In this post, we feature some career advice from Lenny Rachitsky (@lennysan), derived from answers he has given in his newsletter and shared on Twitter and elsewhere. We cover his advice on five skills needed to step up in your career to a “director-level” position, and advice on “managing up”.
Lenny began his career as a web developer and engineer after completing a Computer Science / Engineering degree at the University of California, San Diego. He ascended the ladder at Webmetrics (acquired by Neustar), becoming a Senior Manager of Engineering, and then Head of R&D. In 2010 he co-founded a location-based Q&A service called LocalMind, which was acquired by Airbnb in 2012. Lenny spent seven years at Airbnb, as a Product Manager, and then Product Lead.
In his words: “Deciding to open your home to strangers is a complex decision. Over the course of the seven years that I spent at Airbnb, my work centered around helping people all over the world make this decision. As the number of homes on Airbnb scaled from around 100,000 in 2012 to over 6 million today, I led teams tackling everything from supply growth, to guest booking conversion, to marketplace quality.”
While most of his career has been spent in California, Lenny did spend time in Canada too while building and growing LocalMind.
Lenny is currently “tinkering” / working on something new, so we look forward to seeing what emerges!
Lenny has given speeches and blogged since early in his career (including while at Webmetrics). Earlier this year Lenny started answering inbound questions he receives on “driving growth, building product, and broad leadership skills” in his newsletter.
We find his leadership advice authentic, especially as he has himself grown through different levels in different organisations, and experienced leadership from different perspectives, including as CEO of a focused startup, and through leading change in a rapidly scaling business.
While largely centred on product management in the technology sector specifically (given his own background, and the nature of his audience), his advice has broader applicability across many sectors, and we have generalised it below.
A terminology point: “manager” here refers to managers of people and teams, rather than a manager of products, services or projects (i.e. a “product manager” or “project manager” doesn’t necessarily manage people, and may be an individual contributor).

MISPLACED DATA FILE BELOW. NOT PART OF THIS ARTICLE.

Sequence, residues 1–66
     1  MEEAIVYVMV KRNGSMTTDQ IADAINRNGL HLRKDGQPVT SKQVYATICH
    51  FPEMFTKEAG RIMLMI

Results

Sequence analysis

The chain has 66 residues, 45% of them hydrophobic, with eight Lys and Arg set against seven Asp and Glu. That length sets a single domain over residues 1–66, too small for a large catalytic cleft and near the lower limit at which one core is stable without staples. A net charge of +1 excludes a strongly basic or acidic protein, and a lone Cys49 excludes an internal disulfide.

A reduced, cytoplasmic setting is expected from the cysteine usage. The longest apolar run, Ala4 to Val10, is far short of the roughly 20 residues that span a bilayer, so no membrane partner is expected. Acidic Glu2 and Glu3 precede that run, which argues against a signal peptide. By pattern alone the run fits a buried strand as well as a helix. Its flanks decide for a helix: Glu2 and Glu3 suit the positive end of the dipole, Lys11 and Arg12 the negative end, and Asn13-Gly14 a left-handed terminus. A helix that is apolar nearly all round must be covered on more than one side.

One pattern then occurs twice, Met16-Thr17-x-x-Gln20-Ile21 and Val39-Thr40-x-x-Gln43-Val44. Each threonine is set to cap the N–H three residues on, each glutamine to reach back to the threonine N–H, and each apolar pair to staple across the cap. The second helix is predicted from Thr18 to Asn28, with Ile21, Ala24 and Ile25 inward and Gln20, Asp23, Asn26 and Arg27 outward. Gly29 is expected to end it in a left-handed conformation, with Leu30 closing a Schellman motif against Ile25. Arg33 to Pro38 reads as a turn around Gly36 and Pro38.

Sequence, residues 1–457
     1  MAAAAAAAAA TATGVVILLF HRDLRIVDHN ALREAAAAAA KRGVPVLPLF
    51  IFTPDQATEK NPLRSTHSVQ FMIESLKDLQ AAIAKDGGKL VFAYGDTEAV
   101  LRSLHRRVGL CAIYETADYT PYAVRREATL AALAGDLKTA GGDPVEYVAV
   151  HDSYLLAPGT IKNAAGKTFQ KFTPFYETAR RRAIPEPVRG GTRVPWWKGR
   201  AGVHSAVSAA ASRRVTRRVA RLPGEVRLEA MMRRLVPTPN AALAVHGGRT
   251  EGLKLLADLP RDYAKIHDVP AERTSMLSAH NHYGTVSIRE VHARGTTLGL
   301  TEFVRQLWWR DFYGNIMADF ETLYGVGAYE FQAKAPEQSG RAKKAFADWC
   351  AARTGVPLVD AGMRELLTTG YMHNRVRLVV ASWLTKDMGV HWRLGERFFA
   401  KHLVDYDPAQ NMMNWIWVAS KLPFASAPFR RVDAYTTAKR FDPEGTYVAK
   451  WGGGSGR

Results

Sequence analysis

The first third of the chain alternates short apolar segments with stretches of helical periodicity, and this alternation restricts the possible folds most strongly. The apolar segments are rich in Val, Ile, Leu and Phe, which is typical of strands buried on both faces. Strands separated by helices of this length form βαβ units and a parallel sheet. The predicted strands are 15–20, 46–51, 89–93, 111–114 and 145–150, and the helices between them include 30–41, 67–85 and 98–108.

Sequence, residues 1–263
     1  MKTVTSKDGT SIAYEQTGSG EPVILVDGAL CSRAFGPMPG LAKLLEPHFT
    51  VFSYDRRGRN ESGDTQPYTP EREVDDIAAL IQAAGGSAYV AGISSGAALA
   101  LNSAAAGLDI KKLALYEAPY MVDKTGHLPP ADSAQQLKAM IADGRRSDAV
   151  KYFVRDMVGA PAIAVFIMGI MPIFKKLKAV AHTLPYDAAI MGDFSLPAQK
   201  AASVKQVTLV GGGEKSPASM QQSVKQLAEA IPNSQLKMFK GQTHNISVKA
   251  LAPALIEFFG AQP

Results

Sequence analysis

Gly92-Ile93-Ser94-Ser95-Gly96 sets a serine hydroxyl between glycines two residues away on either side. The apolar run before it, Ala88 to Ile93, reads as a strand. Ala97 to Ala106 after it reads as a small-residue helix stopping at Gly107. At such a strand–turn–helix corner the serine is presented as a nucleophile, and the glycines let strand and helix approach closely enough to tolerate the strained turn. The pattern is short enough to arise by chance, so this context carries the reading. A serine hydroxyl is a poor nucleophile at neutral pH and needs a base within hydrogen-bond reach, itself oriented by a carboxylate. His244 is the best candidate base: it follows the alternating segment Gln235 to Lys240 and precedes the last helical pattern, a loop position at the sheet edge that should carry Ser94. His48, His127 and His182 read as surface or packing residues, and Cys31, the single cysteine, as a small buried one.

Lenny says that as you move up these management stages, “your gaze rises from the week-to-week, to months out, to years out. You’re increasingly looking further out into the horizon — laying ground-work, anticipating challenges, and working towards a long-term vision. You focus less on day-to-day execution and more on putting in place strong vision, strategy, and people.”
Five critical traits to demonstrate if you’re looking to manage a function are:
1) Long-term Strategic Thinking
2) People Leadership
3) Stakeholder Management
More detail on each below.
1) Long-term Strategic Thinking
This skill involves taking on large complex problems and finding a clear path to solving them. Examples of challenges Lenny gives (in a product management context) are: growth slowing on a marquee product, launching a critical new product from scratch, and building out a key piece of infrastructure. Developing your approach to addressing key business problems, including breaking them down into their core components, and defining solutions, is a crucial skill to step up to functional level. “The scope will be bigger, the stakes will be higher, and the number of people involved will be larger” says Lenny.
Part of stakeholder management that Lenny has written separately about is “managing up aka managing your manager, an essential skill at every level (even CEO)”. He argues that it enables you to do your best work, while also getting the recognition you deserve, and he offers these behaviours and tactics which have helped him:
Many of these translate well to managing other stakeholders (such as your peers and other leaders), including setting expectations, sharing trade-offs and updated priorities, and communicating regularly.
Given that Managers of Functions influence a large number of resources (people, budget, systems etc), they are expected to drive significant impact that “changes the trajectory of the business”. As you progress in your career, identify opportunities to demonstrate your impact. This includes priority calls, resource allocation, setting goals, selecting what to work on, and aligning your team(s) behind the right activities.
“Your ability to communicate clearly, concisely, and convincingly will be essential to being successful at every one of the above attributes”. Consider what tactics and techniques you’ve used to communicate with your team(s) and stakeholders, and how successful these have been – again reflect on examples of good and bad practice you’ve seen others use. Keeping your team(s) and stakeholders up-to-date is important, as is timely communication of bad news.
Helpful tips from Lenny on five key skills to practise and evidence on your path to managing a function. Please let us know in the comments if you agree or disagree, as well as other attributes you’ve seen successful Managers of Functions demonstrate.
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